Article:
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New Committee to Examine Ethical Issues Regarding Metadata

New Jersey Supreme Court Chief Justice Stuart Rabner has announced the creation of a new committee to examine ethical issues regarding metadata. For those of you who do not know what it is, metadata includes any information about the document other than the content, such as when it was created, who created and edited the document and other information. With the ability to scan and email virtually any type of document, it is easy to share information in ways and at speeds that were previously unheard of.

Many lawyers consider themselves to be technological dinosaurs and thus immune to these types of issues; however, the ethical issues involved with metadata can easily affect old school lawyers who still rely heavily or exclusively on paper. For example, paperwork that may start off as a simple word document, may be altered or modified by the recipient after being electronically scanned. This issue is important enough that a diverse committee is being formed to tackle the many ethical issues involved. To say there are gray areas with metadata would be an understatement. The right to discovery for relevant evidence is a fundamental part of the legal process in any jurisdiction.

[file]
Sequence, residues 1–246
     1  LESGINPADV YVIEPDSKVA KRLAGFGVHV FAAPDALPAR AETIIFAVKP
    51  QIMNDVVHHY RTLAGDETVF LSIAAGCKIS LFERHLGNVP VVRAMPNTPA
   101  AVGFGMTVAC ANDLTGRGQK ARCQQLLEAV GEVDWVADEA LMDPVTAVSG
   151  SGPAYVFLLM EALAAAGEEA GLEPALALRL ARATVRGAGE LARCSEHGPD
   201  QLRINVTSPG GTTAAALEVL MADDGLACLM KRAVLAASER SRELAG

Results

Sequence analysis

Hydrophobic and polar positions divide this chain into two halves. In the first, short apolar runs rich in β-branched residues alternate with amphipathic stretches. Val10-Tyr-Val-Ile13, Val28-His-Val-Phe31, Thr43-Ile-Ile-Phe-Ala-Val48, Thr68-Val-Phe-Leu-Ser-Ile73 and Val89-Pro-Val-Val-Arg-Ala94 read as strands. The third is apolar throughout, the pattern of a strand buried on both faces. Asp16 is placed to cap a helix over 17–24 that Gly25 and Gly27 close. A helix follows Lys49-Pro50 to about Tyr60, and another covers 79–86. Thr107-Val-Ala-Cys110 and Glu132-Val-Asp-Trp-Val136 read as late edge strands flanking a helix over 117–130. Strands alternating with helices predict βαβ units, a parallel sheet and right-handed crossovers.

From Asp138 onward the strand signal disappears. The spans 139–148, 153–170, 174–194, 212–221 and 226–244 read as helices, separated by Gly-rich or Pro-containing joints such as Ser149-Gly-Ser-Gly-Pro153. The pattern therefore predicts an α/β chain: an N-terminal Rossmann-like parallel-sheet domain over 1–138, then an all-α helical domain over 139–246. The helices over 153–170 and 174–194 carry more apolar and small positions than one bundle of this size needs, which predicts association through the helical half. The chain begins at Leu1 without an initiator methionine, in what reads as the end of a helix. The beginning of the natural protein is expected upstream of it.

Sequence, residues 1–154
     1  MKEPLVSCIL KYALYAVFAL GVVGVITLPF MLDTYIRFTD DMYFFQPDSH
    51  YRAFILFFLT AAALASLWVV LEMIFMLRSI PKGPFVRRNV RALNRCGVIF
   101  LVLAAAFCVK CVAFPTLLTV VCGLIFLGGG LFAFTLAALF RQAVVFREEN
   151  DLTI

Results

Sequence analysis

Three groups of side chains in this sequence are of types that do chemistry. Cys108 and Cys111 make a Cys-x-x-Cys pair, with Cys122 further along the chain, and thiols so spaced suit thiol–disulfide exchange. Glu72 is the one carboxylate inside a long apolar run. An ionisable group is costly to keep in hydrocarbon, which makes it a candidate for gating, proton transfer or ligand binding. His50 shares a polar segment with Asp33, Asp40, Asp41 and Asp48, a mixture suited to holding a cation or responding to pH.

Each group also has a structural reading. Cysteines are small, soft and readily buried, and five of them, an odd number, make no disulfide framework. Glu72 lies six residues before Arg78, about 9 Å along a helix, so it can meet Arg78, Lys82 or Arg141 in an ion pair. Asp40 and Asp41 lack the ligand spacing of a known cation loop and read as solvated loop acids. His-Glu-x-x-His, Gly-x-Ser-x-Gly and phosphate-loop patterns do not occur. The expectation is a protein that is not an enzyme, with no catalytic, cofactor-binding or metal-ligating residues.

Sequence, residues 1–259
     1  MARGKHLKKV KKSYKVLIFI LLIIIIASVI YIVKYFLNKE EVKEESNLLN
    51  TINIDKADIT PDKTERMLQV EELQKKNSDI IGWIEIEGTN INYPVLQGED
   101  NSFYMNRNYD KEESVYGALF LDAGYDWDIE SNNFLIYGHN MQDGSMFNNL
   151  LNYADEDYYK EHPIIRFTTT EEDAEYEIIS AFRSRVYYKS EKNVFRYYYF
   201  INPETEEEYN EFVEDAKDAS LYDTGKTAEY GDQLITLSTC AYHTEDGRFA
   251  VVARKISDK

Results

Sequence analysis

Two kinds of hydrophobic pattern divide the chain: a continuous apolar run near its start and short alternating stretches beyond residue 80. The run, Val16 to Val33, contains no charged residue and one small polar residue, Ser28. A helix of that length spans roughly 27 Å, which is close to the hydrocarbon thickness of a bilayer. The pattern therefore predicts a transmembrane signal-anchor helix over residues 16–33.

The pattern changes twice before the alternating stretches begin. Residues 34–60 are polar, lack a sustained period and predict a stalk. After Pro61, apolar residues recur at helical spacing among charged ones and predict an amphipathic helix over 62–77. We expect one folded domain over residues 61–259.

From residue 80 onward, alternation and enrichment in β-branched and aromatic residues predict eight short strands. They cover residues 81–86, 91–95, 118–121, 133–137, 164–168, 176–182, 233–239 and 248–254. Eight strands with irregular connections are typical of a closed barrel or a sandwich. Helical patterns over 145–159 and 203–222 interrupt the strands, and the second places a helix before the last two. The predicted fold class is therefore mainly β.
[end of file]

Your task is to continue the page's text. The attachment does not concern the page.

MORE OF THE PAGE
According to the press release from the New Jersey Judiciary website: "The working group will consider the ethical obligations of attorneys sending and receiving electronic documents that contain metadata and will submit its report to the Supreme Court for review." There will likely be minimal security protocols recommended for the creation, use, storage and sharing of electronic discovery. Those protocols may greatly expand the scope of our obligations as attorneys.

You can find the roster of committee members here:

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